For nearly two years, the official Bridgeville Borough newsletter devoted part of its front page—the most valuable space in any printed publication—to warning residents that this website, Bridgeville.org, is not an official, borough-authorized source of local news.
For almost the same length of time, the Bridgeville Planning Commission had been working with a consultant to create a $30 million plan to that would transform much of Baldwin Street into greenspace, re-route Bower Hill Road, and change the flow of McLaughlin Creek.
Can you guess how many times Bridgeville’s newsletter shared details of the plan with residents?
Yet some borough officials seemed surprised at recent public meetings when it became clear that residents in attendance had no idea what the Baldwin Street plan was, what it might mean for Bridgeville, or even what role the planning commission plays in borough government.
Councilman Nino Petrocelli Sr., who also sits on the planning commission, expressed his frustration about the limited public knowledge of meetings and information.
“There were so many meetings that we had,” he said. “The public should know about it. It was in the paper all of the time. It was advertised in the paper. I don’t know what we have to do. Send an invitation?”
Borough manager Lori Collins noted that the meetings were published on Facebook and were on the calendar of events on the borough’s official website, BridgevilleBoro.com.
That’s true, but the calendar listing and Facebooks merely said, more or less, “Hey there is a meeting,” with no explanation of what “Baldwin Street Conceptual Plan,” means.
If you go to the borough website looking for details about the plan, you’re going to be looking for a long, long time. There are no maps. No design plans. No clear summary of costs. No list of areas potentially impacted.
If you’re like most internet users, all you’ll find is an outdated meeting notice:
There is some detailed information about the Baldwin Street plan on the borough website, but it’s buried in the PDF files containing old meeting minutes. Making matter worse, Bridgeville does not publish its PDFs as searchable documents. If you want to find anything about the Baldwin Street plan, you have to open each meeting minutes PDF and read it from beginning to end to see if the Baldwin plan came up in discussion.
Most normal people are not going to do that because:
- They’re busy with work, kids, and family
- Most local government business is quite boring
- Who would even think to look through old meeting minutes for information about a plan you didn’t even know existed?
Bridgeville officials have no legal obligation to proactively reach out to residents with easy-to-digest information about what’s happening around town. The borough is only required to publish legal notices about certain meetings and government actions, then make official documents available if residents stop down to request them.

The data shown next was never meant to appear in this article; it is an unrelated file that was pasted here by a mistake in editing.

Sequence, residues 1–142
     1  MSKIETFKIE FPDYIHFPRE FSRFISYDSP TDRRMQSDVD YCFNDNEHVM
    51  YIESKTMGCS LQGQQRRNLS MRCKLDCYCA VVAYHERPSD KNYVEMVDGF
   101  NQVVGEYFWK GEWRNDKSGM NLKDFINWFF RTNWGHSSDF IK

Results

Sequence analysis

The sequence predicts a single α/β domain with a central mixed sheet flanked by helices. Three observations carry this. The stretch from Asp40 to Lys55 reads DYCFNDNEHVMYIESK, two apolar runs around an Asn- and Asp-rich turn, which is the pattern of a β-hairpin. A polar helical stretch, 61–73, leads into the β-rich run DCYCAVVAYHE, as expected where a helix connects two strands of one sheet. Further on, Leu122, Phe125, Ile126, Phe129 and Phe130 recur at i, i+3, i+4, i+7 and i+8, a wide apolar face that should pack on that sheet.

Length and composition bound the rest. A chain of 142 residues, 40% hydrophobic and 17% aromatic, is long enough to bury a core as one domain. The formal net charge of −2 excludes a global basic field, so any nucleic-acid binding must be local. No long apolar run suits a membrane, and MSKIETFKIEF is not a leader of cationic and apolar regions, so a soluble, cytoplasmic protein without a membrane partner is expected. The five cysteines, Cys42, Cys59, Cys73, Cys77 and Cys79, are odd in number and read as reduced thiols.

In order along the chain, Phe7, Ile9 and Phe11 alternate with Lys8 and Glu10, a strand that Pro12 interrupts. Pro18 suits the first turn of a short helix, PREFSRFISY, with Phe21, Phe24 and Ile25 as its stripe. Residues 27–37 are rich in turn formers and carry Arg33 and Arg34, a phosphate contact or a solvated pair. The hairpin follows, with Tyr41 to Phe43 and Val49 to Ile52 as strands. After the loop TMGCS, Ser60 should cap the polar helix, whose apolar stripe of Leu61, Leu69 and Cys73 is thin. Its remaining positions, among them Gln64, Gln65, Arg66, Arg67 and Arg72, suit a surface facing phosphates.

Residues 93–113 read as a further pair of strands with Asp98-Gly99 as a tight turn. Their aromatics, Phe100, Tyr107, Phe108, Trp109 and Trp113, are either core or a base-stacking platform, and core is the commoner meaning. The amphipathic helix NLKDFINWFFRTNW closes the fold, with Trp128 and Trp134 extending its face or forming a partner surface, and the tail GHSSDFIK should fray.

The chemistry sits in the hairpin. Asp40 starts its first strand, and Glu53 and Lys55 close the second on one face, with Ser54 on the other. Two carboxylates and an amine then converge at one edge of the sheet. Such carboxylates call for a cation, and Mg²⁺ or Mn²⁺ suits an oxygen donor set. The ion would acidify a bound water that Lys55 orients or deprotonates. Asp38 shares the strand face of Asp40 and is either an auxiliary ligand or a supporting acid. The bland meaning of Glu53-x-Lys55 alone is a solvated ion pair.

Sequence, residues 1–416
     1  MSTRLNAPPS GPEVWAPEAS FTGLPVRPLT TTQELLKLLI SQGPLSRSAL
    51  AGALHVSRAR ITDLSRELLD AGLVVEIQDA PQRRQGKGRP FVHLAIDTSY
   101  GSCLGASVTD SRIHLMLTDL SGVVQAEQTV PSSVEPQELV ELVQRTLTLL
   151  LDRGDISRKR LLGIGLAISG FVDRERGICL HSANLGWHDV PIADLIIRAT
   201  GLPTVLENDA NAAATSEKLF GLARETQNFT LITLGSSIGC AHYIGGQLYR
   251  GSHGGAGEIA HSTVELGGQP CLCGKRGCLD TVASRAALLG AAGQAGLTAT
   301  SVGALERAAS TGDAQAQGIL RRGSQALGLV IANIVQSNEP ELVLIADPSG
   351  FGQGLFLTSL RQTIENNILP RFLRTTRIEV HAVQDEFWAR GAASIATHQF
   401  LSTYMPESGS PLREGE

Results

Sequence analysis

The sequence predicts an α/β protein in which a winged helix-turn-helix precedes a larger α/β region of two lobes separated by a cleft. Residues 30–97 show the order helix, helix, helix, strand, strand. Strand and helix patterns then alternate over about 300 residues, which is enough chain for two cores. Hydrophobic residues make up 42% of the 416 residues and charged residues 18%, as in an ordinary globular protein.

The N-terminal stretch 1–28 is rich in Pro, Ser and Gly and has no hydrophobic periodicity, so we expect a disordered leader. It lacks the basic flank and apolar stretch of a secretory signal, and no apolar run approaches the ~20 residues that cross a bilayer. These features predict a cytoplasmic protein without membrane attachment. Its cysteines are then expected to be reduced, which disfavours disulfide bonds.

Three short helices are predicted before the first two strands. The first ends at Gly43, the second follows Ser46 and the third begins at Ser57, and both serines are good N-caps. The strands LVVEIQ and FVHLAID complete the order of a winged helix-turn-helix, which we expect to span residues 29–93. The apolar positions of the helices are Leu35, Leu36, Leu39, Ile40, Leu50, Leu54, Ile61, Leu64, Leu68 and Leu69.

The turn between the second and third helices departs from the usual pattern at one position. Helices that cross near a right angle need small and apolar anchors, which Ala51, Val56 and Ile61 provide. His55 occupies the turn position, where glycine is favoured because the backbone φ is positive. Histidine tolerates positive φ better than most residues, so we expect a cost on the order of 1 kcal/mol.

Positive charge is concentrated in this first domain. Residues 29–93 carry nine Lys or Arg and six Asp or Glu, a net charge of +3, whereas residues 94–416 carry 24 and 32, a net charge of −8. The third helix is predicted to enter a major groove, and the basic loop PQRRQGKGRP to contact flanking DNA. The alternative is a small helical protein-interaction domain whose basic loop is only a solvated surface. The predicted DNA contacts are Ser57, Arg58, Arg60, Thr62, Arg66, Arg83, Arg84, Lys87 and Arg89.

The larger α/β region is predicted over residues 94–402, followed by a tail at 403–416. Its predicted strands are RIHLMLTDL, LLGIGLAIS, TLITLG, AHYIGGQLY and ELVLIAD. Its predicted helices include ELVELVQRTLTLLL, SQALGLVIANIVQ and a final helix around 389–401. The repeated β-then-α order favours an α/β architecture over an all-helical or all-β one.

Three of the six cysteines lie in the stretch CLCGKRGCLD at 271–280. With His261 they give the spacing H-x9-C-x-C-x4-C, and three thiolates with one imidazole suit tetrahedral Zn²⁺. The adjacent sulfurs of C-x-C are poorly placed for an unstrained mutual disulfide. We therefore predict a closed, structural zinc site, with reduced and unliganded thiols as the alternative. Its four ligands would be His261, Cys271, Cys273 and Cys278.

In the past, that might have worked, because residents and public officials could count on newspapers to spread the word about important things that were brewing.
But not anymore. The Trib is dead, the failing Post-Gazette has scaled back its suburban coverage, and the Bridgeville News/Signal Item essentially a leaflet in the Pennysaver.
This website—Bridgeville.org—reaches about 2,500 individuals each month, but not all of them are Bridgeville residents. Even if they were, and even if every visitor read every article published here, that would still leave 3,000 Bridgeville residents relying other channels to notify them of important issues.
The good news is that Bridgeville officials don’t have to look far to find a powerful communications tool that can keep residents informed. The borough newsletter is already printed on paper and direct-mailed four time each year to every household in the community. When it lands in a mailbox, there’s close to a 100% chance that somebody in a household will at least glance at the front page.
But for some reason, the newsletter’s editorial priorities in recent years have been:
- Telling you to trim your hedges
- Warning you against reading news that hadn’t been approved by borough government
- Warning Bridgeville.org that information in the newsletter is copyrighted (or something).
- Reminding you that there is a bake sale happening somewhere*.
However, this summer’s newsletter was an exception. Arriving shortly after the June flood that wrecked Baldwin Street, it led off with a letter from the manager that contained some genuinely useful information for residents.
Perhaps that issue signaled that start of a new direction for the borough newsletter.
If so, we look forward to Bridgeville converting its newsletter into a communications channel that strives to keep residents informed about the most vital workings of local government.
If not, borough officials should re-evaluate why they’re spending hundreds—if not thousands—of dollars per year on an informational mailer that provides little essential information.
It’s a Bridgeville thing—think it over.
*No disrespect to the bake sale community.